Source
The list of species of Globicephala genus

Pilot whales are cetaceans belonging to the genus Globicephala. The two extant species are the long-finned pilot whale (G. melas) and the short-finned pilot whale (G. macrorhynchus). The two are not readily distinguishable at sea, and analysis of the skulls is the best way to distinguish between the species. Between the two species, they range nearly worldwide, with long-finned pilot whales living in colder waters and short-finned pilot whales living in tropical and subtropical waters. Pilot whales are among the largest of the oceanic dolphins, exceeded in size only by the orca. They and other large members of the dolphin family are also known as blackfish.

Pilot whales feed primarily on squid, but will also hunt large demersal fish such as cod and turbot. They are highly social and may remain with their birth pod throughout their lifetime. Short-finned pilot whales are one of the few mammal species in which females go through menopause, and postreproductive females continue to contribute to their pod. Pilot whales are notorious for stranding themselves on beaches, but the reason behind this is not fully understood. The conservation status of short-finned and long-finned pilot whales has been determined to be least concern.

Pilot whales can be found in oceans nearly worldwide, but data about current population sizes is deficient. The long-finned pilot whale prefers slightly cooler waters than the short-finned, and is divided into two populations. The smaller group is found in a circumpolar band in the Southern Ocean from about 20 to 65°S. It may be sighted off the coasts of Chile, Argentina, South Africa, Australia, and New Zealand. An estimated more than 200,000 individuals were in this population in 2006. The second, much larger, population inhabits the North Atlantic Ocean, in a band from South Carolina in the United States across to the Azores and Morocco at its southern edge and from Newfoundland to Greenland, Iceland, and northern Norway at its northern limit. This population was estimated at 778,000 individuals in 1989. It is also present in the western half of the Mediterranean Sea.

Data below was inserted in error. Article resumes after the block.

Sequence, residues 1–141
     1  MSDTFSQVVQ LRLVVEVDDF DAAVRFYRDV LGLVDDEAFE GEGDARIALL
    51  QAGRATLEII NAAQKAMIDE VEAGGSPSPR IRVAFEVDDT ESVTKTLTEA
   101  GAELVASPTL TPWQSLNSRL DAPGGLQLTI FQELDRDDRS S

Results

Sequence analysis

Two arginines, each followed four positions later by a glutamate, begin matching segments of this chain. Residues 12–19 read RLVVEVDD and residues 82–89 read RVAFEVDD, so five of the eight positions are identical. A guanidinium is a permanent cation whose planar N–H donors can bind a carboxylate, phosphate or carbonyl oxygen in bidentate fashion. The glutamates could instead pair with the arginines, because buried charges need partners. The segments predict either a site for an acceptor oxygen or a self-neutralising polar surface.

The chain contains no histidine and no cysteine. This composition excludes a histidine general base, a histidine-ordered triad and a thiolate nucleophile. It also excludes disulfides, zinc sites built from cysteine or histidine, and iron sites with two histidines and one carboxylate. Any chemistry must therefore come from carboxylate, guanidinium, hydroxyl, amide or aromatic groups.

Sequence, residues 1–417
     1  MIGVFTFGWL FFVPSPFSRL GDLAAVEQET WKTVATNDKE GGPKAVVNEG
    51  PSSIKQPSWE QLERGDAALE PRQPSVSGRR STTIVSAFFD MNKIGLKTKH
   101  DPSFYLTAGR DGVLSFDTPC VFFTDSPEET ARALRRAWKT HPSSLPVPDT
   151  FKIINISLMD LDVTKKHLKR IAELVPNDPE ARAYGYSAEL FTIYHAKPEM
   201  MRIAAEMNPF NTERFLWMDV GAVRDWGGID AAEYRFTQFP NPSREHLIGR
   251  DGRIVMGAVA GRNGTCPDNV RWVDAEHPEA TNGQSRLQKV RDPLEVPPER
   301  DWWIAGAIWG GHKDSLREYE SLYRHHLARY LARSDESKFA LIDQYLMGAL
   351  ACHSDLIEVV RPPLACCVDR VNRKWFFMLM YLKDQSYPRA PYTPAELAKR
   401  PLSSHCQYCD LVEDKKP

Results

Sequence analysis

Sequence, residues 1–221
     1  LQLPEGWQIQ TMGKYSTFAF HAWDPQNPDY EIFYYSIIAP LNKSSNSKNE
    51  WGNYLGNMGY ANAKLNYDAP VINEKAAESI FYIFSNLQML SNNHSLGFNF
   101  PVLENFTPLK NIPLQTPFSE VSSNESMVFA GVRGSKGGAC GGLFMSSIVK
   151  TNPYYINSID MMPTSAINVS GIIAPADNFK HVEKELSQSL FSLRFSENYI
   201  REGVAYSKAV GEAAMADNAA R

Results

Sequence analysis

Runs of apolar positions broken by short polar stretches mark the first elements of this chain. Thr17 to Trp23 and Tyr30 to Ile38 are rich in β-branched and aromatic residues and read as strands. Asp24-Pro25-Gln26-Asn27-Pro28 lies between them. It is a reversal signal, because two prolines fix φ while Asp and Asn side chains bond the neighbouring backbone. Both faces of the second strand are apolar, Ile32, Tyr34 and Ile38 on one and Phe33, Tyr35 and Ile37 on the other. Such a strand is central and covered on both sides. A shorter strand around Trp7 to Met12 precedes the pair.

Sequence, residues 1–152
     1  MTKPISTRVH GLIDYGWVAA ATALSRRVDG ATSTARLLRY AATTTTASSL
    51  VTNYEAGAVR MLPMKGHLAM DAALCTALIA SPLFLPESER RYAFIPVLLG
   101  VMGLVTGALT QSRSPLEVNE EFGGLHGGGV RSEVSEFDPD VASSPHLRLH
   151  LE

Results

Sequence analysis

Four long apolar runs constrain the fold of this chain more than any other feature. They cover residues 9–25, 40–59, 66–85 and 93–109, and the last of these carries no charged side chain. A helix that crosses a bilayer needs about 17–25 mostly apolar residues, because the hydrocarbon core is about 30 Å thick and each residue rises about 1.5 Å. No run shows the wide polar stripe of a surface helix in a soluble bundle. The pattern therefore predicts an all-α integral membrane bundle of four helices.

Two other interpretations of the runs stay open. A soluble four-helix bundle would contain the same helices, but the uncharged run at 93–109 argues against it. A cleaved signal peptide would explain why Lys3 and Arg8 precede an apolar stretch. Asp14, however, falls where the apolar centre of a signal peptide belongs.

The short-finned pilot whale is less populous. It is found in temperate and tropical waters of the Indian, Atlantic and Pacific Oceans. Its population overlaps slightly with the long-finned pilot whale in the temperate waters of the North Atlantic and Southern Oceans. About 150,000 individuals are found in the eastern tropical Pacific Ocean. More than 30,000 animals are estimated in the western Pacific, off the coast of Japan. Pilot whales are generally nomadic, but some populations stay year-round in places such as Hawaii and parts of California. They prefer the waters of the shelf break and slope. Once commonly seen off of Southern California, short-finned pilot whales disappeared from the area after a strong El Niño year in the early 1980s, according to the National Oceanic and Atmospheric Administration. In October 2014, crew and passengers on several boats spotted a pod of 50–200 off Dana Point, California.

This is a part of the Wikipedia article used under the Creative Commons Attribution-Sharealike 3.0 Unported License (CC-BY-SA). The full text of the article is here → https://en.wikipedia.org/wiki/Globicephala 
Source